Transport of Delight, Jonathan Richmond’s new book about the development of Los Angeles’ rail system, is a fascinating contribution to both the public transport industry and, though beyond the expertise of this reviewer, very likely the field of myth, too. For it shows how ideas, even thinly substantiated ones, can work their way into public policy.
What is unsatisfying is that the book appears to overlook why such myths might be important to cities like L.A., and why they continue to be perpetuated. Most of all, Richmond misses an opportunity to show us why L.A. is no better or worse in this regard than other cities — not only in America but around the world. For it is this policy disconnect — between what works and what doesn’t — that is the crisis that cities must repair in the next decade or so, or public transport might decline into irreversible irrelevance. If it does, we will find ourselves in a world less secure, less prosperous and possibly colder and darker than the one in which we inhabit today.
More accurately, the book is really about how influential leaders in Southern California are attempting to resurrect the region’s glorious rail past, however brief. What a glorious history it was: more than 1,100 miles of interurban network laced with short-haul commuter rail and streetcar systems.
The interurbans seem to have captured the imagination of Richmond, though he is among many (including this author). For good reason: L.A.’s interurban system was the largest in the world at one time, and it laid the groundwork for the auto-induced hyper-sprawl to come later in the 20th century. It has been said that Southern California is the first metropolitan region in world history to grow from a little over 10,000 to 10 million in a century and a half.
Richmond is mistaken, however, when he suggests that those settling in Southern California at the end of the 19th century were somehow unique in their aspirations for suburban bliss. True, most early on came not from the “crowded, filthy cities in Europe,” as he put it, but from crowded eastern America seeking refuge from the same. What was different about L.A.’s sprawl is that it “lacked an urban core,” as Richmond acknowledges — or as one wag put it, it is a place where 50 towns are looking for downtown.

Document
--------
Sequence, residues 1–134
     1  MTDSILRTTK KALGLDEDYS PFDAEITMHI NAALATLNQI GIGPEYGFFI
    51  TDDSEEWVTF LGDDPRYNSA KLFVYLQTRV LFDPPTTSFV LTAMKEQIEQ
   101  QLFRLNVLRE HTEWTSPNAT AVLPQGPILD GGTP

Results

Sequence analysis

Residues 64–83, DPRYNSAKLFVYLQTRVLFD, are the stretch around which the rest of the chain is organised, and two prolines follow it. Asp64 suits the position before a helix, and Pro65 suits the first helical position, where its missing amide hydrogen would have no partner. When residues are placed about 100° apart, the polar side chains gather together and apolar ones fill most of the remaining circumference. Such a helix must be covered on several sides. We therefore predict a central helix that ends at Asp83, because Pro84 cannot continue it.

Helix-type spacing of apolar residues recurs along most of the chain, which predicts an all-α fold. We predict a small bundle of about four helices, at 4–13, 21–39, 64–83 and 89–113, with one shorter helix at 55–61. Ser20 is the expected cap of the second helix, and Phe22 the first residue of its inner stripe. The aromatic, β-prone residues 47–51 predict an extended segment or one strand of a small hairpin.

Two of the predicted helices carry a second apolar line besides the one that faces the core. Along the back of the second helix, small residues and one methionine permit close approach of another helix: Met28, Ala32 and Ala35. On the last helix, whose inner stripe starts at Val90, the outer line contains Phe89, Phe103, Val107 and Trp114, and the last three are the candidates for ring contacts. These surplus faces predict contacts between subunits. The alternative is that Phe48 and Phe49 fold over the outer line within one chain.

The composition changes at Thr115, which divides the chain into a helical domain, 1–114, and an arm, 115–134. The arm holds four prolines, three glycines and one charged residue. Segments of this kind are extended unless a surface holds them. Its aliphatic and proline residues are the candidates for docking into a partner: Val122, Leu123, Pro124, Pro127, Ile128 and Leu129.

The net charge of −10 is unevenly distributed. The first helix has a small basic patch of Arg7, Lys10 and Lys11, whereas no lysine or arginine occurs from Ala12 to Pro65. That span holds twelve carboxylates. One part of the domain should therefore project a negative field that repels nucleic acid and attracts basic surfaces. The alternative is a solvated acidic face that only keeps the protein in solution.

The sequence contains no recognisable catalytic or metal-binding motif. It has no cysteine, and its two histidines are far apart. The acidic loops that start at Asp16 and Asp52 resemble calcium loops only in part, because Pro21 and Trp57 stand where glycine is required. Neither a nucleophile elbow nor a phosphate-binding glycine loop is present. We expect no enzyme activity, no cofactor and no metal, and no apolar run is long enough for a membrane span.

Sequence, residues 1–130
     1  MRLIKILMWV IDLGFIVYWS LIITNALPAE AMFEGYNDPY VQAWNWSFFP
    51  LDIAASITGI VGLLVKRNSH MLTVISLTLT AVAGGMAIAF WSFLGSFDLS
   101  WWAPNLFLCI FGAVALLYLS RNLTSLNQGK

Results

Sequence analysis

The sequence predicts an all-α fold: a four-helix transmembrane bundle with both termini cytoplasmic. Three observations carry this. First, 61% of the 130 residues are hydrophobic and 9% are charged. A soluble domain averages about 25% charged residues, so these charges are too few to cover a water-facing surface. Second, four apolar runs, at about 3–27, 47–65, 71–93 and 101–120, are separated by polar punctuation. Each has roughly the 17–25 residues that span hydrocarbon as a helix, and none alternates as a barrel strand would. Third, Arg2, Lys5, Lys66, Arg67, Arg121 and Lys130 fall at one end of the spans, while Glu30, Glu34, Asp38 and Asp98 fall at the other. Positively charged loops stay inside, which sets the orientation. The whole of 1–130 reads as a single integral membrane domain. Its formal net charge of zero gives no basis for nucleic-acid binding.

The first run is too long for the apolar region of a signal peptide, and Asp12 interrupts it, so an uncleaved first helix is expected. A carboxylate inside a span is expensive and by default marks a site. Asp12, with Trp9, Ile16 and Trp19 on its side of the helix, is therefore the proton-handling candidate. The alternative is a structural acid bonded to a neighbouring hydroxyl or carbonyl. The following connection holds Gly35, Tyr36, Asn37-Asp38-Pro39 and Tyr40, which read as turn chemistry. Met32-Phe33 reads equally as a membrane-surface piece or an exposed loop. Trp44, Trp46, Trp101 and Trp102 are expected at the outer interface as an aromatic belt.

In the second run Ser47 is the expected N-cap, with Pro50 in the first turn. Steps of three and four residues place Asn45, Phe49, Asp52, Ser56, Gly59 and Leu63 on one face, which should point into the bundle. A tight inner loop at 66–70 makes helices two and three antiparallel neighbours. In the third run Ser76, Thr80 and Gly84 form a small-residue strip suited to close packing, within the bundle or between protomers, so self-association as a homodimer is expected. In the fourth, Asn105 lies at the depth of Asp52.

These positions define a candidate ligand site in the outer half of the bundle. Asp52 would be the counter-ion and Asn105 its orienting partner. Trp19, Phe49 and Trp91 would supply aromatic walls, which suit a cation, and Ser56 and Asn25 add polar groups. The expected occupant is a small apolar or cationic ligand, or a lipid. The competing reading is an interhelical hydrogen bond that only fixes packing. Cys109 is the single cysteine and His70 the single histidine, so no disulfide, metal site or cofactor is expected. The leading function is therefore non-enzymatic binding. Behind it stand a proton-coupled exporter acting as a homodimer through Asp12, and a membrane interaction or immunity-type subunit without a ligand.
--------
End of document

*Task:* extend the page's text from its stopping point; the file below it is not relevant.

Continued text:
Yet Richmond’s historical analysis breaks down here, because if anything the public transport myth should make more sense today; L.A.’s new residents, who increasingly hail from crowded Asia and crowded Latin America, more closely resemble 19th century European immigrants passing through Ellis Island. It is not leibenstraum but economic opportunity that links both.
As Richmond points out, myth seeks to explain disparate situations and conditions in our experience and give comfort and order to our existence. Perhaps what cities really need to help create a sustainable mobility is the return to the American myths of community, perhaps informed by today’s communication technologies, for barn raisings and revivals, and in the 1950s and 1960s, for giving the stranger a lift, were as much a part of our legacy as the solitary pioneer, the rebel or the open road. CLIFF HENKE